The bottom-most pan is advantageously constructed in a slightly different shape from those above. The perforations in its bottom are omitted since the primary function of the base pan is to retain water in a liquid form and to control the humidity within the habitat by evaporation and/or condensation. For this purpose the bottom pan is charged with pebbles, or crushed stone, to provide a substantial mass of thermal inertia and a large surface area for the mass exchange of water with the surroundings.
The upper portion of the bottom pan is also advantageously formed in such a manner that it engages the base of the next pan in the stacked assembly in a sealing relationship.
The pans wherein the farming of earthworms is conducted, excepting the bottom-most pan of the stack, are charged with a medium, most suitably peat moss, which provides for ease of travel of the earthworms, for good ventilation, and for the retention of eggs and castings. The quantity of moss is controlled in each pan so that the bedding material just fills each pan to the level defined by the upper surfaces of the gussets projecting inwardly in the upper regions thereof. This ensures that the bedding material is continuous throughout the stack, without excessive airgaps between successive pans and without undue compression of the bedding material in any of the subordinate pans.
The method of farming earthworms in the habitat of the invention begins with colonizing the bedding material therein with earthworms of the desired type, such as red worms, charging water into the base container for the control of humidity, and adding some suitable food to the surface of the uppermost container, prior to placing the cover thereon.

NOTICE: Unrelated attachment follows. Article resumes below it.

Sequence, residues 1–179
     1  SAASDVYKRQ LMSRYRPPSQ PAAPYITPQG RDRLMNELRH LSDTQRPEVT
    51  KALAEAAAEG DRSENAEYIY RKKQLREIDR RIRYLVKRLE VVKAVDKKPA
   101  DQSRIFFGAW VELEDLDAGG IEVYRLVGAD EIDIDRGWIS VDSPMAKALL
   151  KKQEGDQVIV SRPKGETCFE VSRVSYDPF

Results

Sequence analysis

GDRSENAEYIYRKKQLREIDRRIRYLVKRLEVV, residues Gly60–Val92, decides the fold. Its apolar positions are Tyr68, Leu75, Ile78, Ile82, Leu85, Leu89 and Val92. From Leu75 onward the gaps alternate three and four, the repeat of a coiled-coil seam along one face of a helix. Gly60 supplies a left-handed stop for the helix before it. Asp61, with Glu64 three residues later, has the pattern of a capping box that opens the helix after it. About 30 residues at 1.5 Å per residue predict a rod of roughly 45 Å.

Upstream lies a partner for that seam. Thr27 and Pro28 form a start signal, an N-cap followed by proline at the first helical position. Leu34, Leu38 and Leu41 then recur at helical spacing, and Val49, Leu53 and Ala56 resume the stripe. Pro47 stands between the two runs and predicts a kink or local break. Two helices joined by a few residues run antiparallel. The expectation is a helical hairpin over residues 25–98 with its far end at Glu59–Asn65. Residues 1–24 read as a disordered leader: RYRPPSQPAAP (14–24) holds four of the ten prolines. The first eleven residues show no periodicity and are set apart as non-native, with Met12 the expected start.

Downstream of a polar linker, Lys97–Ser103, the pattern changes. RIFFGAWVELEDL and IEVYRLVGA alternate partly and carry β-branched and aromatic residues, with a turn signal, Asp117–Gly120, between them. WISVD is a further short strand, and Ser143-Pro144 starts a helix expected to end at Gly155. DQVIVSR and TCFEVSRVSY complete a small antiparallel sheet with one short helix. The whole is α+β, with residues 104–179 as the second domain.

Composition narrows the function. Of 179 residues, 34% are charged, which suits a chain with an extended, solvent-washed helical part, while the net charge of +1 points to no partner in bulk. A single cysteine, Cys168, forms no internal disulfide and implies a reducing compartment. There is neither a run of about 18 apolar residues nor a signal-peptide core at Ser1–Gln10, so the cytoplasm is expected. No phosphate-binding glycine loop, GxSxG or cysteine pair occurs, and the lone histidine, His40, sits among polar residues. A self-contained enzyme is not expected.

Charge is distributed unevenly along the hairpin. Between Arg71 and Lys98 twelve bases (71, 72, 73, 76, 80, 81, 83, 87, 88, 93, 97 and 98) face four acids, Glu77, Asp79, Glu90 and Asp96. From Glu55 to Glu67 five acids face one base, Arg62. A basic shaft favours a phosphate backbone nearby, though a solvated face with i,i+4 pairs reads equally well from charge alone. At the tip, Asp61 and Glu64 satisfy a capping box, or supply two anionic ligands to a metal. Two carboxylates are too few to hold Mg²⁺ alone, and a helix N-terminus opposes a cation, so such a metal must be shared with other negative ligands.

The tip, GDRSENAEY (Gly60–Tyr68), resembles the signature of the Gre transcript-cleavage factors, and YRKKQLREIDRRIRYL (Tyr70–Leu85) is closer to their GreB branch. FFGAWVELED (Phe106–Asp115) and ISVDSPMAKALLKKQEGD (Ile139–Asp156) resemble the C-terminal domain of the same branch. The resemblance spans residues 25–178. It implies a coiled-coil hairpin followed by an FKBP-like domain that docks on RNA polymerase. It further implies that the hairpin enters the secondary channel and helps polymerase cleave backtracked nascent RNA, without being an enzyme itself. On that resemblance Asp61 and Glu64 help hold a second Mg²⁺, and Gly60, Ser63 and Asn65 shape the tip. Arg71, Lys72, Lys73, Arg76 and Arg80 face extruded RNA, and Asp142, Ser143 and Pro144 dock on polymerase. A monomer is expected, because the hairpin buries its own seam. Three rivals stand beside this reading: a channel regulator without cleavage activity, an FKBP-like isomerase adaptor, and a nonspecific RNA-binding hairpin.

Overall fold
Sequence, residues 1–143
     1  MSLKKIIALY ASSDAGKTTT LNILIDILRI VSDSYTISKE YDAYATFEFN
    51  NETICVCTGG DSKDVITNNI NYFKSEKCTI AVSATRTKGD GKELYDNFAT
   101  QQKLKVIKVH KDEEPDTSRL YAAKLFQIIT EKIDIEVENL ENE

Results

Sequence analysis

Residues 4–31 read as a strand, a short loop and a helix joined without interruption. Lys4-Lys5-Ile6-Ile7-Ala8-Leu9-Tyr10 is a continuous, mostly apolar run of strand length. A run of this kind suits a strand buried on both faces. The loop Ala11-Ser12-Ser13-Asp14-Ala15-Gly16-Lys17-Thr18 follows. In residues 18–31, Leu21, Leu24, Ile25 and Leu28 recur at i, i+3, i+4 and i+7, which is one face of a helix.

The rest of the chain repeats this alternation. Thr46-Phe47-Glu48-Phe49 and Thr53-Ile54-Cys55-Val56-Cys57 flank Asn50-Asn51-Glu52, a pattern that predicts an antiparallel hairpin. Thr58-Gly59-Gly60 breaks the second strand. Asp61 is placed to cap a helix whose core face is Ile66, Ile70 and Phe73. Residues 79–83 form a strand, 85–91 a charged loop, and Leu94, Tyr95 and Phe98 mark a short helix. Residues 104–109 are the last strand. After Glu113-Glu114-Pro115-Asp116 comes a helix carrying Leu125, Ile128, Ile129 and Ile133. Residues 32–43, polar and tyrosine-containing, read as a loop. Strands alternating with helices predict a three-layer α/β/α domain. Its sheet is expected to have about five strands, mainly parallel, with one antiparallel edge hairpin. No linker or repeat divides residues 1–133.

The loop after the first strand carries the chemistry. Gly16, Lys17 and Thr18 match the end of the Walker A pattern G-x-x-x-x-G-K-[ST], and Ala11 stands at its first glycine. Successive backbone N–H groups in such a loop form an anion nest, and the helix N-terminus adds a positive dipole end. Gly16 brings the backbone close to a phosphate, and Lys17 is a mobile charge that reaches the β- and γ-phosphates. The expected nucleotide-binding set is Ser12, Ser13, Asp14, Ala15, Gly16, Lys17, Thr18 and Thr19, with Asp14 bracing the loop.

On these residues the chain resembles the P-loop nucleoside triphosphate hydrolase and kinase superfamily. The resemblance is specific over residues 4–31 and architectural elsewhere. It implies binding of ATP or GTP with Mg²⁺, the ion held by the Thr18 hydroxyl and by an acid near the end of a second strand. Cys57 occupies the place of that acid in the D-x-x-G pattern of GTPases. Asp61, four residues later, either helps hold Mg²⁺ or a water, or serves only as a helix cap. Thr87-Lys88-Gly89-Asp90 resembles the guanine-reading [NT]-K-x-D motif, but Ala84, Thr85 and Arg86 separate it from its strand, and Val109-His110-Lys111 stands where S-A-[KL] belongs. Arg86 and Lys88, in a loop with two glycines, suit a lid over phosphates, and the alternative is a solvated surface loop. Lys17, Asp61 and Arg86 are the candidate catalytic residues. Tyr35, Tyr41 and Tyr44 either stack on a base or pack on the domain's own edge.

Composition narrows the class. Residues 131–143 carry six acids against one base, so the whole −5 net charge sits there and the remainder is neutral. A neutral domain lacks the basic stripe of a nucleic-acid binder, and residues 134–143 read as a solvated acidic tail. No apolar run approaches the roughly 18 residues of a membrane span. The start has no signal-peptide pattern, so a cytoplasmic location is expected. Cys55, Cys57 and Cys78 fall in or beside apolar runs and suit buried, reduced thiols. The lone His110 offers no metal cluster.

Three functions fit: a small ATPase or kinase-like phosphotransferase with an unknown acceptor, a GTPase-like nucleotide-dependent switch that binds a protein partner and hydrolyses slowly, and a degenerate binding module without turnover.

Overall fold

The worms will readily distribute themselves over the several levels of the habitat, travelling toward the surface for feeding and breeding and into the lower levels for the deposition of eggs.
Nutrients are periodically added to the topmost pan. Water is periodically added to the top container, and excess water flows downwardly to the bottom tray where it is depleted by evaporation.
At suitable intervals the uppermost pan is removed and the worms, eggs and manure separated from the bedding material. The pan is then recharged with peat moss, or other suitable bedding, and replaced in the stack as the penultimate pan towards the base. In this manner each pan migrates from the bottom of the stack towards the top and, thereafter, returns to a start position next to the humidity controlling bottom pan.